Stroke is a medical condition in which poor blood flow to the brain results in cell death. There are two main types of stroke: ischemic, due to lack of blood flow, and hemorrhagic, due to bleeding. They result in part of the brain not functioning properly. Signs and symptoms of a stroke may include an inability to move or feel on one side of the body, problems understanding or speaking, feeling like the world is spinning, or loss of vision to one side. Signs and symptoms often appear soon after the stroke has occurred. The main risk factor for stroke is high blood pressure. Other risk factors include tobacco smoking, obesity, high blood cholesterol, diabetes mellitus, previous TIA, and atrial fibrillation. Prevention includes decreasing risk factors, as well as possibly aspirin, statins, surgery to open up the arteries to the brain in those with problematic narrowing, and warfarin in those with atrial fibrillation.
WHY DO STROKES OFTEN HAPPEN IN THE BATHROOM?
Why some people develop heart attacks or strokes (brain attack) while taking a bath? Is it just coincidental or is there something in the bathing process that could trigger these potentially serious complications? Is there a proper sequence of bathing, like wetting the limbs or feet first, followed by the body, then the head? Can a cold shower trigger a stroke or heart attack?
These are very interesting and important questions.
Wetting the head and hair first when showering causes the body to adjust its temperature too quickly because we are warm blooded. By performing this incorrect sequence, blood rushing up the head may cause capillary or artery breakage hence a stroke and a fall. Right way of showering is to start wetting the body from the feet up to the shoulders slowly. A sensation of vapour coming out of the crown on the head or bristling of body hair may be felt for some people. Follow this procedure then shower as usual. Especially useful for people with high blood, high cholesterol and even migraine. This is also linked to circadian rhythm. Blood pressure is high in the morning. And most people have a shower in the morning and hence the correlation.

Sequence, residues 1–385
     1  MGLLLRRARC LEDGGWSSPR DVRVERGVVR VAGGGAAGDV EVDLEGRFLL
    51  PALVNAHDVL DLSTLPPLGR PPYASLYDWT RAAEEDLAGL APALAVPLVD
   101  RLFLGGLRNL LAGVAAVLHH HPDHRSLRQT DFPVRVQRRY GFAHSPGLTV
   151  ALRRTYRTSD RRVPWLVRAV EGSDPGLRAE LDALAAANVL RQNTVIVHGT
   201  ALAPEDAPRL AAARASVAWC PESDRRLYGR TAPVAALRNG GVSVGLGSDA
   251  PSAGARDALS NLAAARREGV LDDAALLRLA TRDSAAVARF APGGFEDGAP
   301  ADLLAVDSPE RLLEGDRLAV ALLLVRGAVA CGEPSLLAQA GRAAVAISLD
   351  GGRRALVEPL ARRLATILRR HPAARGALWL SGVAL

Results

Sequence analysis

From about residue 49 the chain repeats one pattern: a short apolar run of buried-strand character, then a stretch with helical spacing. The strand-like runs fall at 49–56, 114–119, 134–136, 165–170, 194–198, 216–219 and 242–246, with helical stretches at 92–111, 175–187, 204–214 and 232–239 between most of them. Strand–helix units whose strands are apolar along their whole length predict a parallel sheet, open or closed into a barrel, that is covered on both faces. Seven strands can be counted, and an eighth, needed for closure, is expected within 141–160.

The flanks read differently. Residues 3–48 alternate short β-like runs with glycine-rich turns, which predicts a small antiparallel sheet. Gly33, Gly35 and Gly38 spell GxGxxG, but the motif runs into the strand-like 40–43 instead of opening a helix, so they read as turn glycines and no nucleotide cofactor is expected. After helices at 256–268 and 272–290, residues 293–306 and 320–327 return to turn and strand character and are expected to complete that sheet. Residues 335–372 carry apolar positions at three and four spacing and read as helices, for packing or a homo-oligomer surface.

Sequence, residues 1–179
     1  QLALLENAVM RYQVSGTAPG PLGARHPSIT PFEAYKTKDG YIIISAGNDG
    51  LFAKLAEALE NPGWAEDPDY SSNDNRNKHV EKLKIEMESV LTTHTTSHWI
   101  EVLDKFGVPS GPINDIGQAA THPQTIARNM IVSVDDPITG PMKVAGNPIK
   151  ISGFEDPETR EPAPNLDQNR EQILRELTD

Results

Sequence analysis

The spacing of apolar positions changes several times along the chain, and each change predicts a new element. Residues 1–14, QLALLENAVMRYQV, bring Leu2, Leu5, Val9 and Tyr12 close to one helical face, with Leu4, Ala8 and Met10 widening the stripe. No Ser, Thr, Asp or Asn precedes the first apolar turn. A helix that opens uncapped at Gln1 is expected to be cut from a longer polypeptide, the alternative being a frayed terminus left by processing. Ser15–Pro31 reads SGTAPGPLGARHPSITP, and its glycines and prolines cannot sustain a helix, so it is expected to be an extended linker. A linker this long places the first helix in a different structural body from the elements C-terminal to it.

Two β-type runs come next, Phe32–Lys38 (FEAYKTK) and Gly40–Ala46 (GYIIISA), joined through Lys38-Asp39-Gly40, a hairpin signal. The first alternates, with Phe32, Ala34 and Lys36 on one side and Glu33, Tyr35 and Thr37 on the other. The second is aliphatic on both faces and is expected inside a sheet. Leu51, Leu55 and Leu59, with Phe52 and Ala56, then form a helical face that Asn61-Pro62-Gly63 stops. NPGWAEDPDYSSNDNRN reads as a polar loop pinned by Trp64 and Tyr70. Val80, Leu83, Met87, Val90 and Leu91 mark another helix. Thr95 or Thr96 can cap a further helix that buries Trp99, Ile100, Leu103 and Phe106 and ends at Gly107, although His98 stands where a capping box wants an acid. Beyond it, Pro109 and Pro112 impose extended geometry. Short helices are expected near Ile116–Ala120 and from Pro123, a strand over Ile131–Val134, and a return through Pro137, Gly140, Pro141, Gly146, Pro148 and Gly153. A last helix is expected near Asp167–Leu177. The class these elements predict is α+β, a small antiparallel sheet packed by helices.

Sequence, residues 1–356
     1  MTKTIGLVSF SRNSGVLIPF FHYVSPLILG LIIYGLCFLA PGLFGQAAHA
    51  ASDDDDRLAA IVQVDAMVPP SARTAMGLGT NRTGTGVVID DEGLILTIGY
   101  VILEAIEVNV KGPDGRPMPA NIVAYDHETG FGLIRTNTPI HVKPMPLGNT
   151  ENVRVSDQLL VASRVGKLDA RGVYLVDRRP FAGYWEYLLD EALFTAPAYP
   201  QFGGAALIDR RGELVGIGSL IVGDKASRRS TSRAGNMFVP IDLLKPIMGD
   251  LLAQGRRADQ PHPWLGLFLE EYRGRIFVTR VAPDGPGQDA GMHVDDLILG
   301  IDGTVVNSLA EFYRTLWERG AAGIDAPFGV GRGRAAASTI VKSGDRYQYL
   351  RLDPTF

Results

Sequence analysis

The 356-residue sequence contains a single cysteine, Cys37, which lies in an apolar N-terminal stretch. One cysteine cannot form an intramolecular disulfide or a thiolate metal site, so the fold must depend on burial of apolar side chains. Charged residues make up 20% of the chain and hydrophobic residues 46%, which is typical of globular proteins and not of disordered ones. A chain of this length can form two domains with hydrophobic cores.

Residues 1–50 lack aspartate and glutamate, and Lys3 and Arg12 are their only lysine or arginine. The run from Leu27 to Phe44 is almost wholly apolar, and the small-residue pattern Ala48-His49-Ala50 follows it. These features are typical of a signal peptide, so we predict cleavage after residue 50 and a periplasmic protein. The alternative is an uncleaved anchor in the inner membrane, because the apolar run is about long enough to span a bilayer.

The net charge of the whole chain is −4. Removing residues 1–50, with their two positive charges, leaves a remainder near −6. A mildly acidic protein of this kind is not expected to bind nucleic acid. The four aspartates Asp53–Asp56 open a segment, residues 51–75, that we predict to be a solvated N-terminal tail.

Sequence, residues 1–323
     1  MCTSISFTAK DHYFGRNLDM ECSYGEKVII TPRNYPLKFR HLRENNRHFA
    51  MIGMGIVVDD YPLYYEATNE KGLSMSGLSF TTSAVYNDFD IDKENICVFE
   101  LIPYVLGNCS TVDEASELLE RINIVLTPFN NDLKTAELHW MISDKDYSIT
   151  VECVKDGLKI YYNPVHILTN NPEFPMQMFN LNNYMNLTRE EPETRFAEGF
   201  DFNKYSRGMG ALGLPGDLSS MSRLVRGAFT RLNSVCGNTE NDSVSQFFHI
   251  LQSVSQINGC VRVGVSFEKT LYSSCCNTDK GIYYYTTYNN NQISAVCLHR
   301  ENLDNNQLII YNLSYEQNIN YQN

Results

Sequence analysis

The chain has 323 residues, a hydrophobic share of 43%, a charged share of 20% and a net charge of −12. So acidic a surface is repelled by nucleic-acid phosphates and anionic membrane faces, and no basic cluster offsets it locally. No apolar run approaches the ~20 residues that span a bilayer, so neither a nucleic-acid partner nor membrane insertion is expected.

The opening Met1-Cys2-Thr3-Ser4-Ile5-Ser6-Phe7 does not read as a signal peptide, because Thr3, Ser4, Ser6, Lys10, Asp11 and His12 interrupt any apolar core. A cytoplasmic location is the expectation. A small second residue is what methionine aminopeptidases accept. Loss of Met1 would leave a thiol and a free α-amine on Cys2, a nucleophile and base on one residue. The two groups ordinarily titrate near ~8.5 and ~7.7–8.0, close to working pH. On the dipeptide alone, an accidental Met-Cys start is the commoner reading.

Not the bathing :
In many instances, it’s not the bathing but the straining during bowel movement which can trigger a stroke or heart attack in the bathroom. Also patients develop a heart attack or stroke while exerting effort in the toilet, rather than taking a bath.
When one strains, when one is constipated, for instance, one holds down one’s breath and bears down excessively—which is called a Valsalva maneuver. This increases the abdominal pressure and helps force out the stools. But this action is also very stressful to the heart and the circulatory system, as it increases the pressure inside the chest, thus reducing the blood flow to the heart. The pumping of the heart slows down, and the amount of blood being pumped up to nourish the brain decreases. Some faint (syncope) as a result. To make matters worse, the sudden release of the straining motion abruptly increases the blood pressure, and in those with uncontrolled blood pressures, it might cause some arteries in the brain to burst (intracerebral hemorrhage due to sudden increase in blood pressure). So, excessive straining while moving one’s bowels is a relatively more common trigger of heart attack or stroke in individuals at risk, than the bathing process itself. That’s why chronic constipation has been linked to a higher risk of cardiovascular events (heart attack, stroke, sudden cardiac death).
Slipping in the bathroom :
Some elderly and frail individuals slip in the bathroom. When they hit their heads, they suffer bleeding in the brain (subdural hemorrhage). Therefore, one must take precaution—use bath bench or stool, don’t remain standing. Have grab bars installed on the bathroom walls. Spread out bath mats with suction cups to cover slippery surfaces.
Water temperature :
Chilling can cause the arteries to constrict and prevent blood flow to vital organs like the heart and brain. So, it’s best to avoid chilling at all times. When planning to take a bath but hesitant to get wet with cold water ( if there’s no heater), turn on the shower but avoid getting wet in the first few seconds. It’s the same when using a dipper, pour the first scoop just beside the body. This gives ample time to muster enough courage whether to go on with cold bathing or not.